You may say, why is that a big deal? Until this past year, the briefings were always at 11:30. And the idea that moving them later would cause them to be shorter than the normal seven-plus hours didn’t work that well, as the later time only shaved an hour or so off the average briefing-meeting time.

Yes, the meetings are still too long, but that’s not the issue here.

Full Story

Leading Off (4/25/14)

Some Still Want to Build Trinity Parkway. The Morning News characterizes the crowd at last night’s final public hearing on building a $1.4 billion road in a floodway as “divided.”

Park Board Members Don’t Want You to Email Them. A new website for the Dallas Park and Recreation Board is scheduled to go live today. It was to have a feature providing the public the ability to contact any of the members. But some board members pushed back, fearing that they’d receive as many as 50 additional emails each month. So the site is launching without it.

Virgin America Lands a Plane at Love Field. And the air carrier has announced a news conference for today. The speculation is that it has something to do with Virgin’s desire to take over the two gates at the airport that American Airlines has to give up as part of the deal that led the Justice Department to approve its merger with U.S. Airways. But the city of Dallas, which has to approve which airline gets the gates, said that no decision has been made.

Nobody Let Krista Read This Story. It’s about a deputy sheriff getting fired, and it involves a dog and a gun.

The Pollen Vortex Is Trying to Kill Me. Today’s pollen count. I hate spring.

Full Story

New Rules Could Break Yellow Cab’s Monopoly

WFAA has looked at a proposed new transportation-for-hire ordinance that will be discussed a meeting tomorrow morning at Dallas City Hall. The uproar last summer over regulations that make it difficult for other cab companies and car services like Uber and Lyft to operate seem to have led to proposed major overhaul. As Channel 8 noted, the changes could lessen the dominance of Yellow Cab, which has something like a 70 percent share of the market.

Among the changes would be an end to a cap on the total number of cabs allowed to operate in the city, changes to rules restricting the age and mileage allowed on vehicles, and allowing drivers to move from one company to another much more easily.

Here’s the ordinance.

Full Story

Leading Off (4/23/14)

Preliminary Findings Show a Lack of Oversight Contributed to the West Explosion. Five days after the one-year anniversary of the fertilizer plant explosion, the Chemical Safety Board released the initial findings of its investigation, stressing that the ammonium nitrate wasn’t handled properly and that this was a “preventable accident.” The federal agency has been criticized in the past for moving too slowly, and West Mayor Tommy Muska voiced disappointment in how long it’s taken to get “preliminary” results. The investigation is ongoing.

DISD’s School for the Talented and Gifted Ranked Best in the Country. That’s according to U.S. News and World Report’s latest ranking of the best high schools in the nation. At the Dallas magnet school, students must take 11 AP classes to graduate, and 100 percent of those graduates are ready for college.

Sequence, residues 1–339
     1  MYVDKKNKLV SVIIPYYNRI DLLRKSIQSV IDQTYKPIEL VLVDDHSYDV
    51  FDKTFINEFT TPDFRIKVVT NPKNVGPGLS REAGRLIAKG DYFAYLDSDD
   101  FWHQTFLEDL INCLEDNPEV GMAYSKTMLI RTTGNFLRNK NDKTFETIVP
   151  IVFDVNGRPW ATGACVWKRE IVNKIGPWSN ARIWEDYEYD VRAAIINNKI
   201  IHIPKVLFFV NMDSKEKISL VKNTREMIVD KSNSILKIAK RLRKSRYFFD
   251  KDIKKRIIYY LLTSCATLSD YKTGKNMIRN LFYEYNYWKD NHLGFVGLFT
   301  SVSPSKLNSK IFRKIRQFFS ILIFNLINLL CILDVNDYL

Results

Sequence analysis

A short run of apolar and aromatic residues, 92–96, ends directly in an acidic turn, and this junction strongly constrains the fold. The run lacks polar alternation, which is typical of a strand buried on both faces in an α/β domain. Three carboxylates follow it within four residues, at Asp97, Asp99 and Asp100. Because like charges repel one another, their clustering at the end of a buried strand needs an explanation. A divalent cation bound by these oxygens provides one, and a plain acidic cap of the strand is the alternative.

Arlington Council: Leave Your Guns at Home (or in the Car). The council approved an ordinance Tuesday that bans weapons and “simulated weapons” in City Hall. Concealed handguns were already prohibited, but the new ordinance extends the ban to the antique black-power pistols, replica pistols, and long-barreled guns that can be openly carried in Texas.

Dallas Charter Review Commission in Favor of Raises for Mayor, Council Members. Eric Celeste recommended an even greater increase in the April issue of D Magazine, but the commission voted on a 20 percent pay hike for the mayor Tuesday night and a 32 percent increase for council members. That would take salaries to $71,864 and $49,530 respectively. A month remains before final recommendations must be submitted.

Plus, Holy Road Rage. Be careful out there.

Full Story

Leading Off (3/24/14)

I-345 Tear-Down Debate Continues. The Dallas Morning News ran this I-345 explainer on the front page of the Sunday paper. There’s no new news here, but it does provide a bit of I-345 history, namely that it was built in 1974 as suburbs like Irving took hold. There was also a nice traffic count graphic in the paper, but that didn’t make it online. To refresh, some 200,000 cars travel the 1.4-mile stretch on weekdays. Patrick Kennedy and co. want the 75-45 connector eliminated, but TxDOT is set to spend $100 million to renovate it instead. As is to be expected, and can be demonstrated here, debate persists, some of it well-reasoned, some … not.

Plastic Bag Ban Proposal Up For a Vote Wednesday. Dwaine Caraway has been working on this for a year and is expecting a partial ban, at the very least, to pass when City Council votes Wednesday. There are a number of options up for discussion, including a total citywide ban, a “responsible retailer” option that charges stores for distributing the bags, and an “environmental fee” that has customers paying for bags. Several council members are vehemently opposed to any change.

Bike Share Program a Possibility for Fair Park. The Dallas Park and Recreation Board has approved $125,000 for the project. If City Council passes it, some 15-20 bikes could appear in Fair Park by May. This is an impossibly small (yet expensive) program. For comparison, Fort Worth started with a $1 million grant, 300 bikes and 30 stations.

Full Story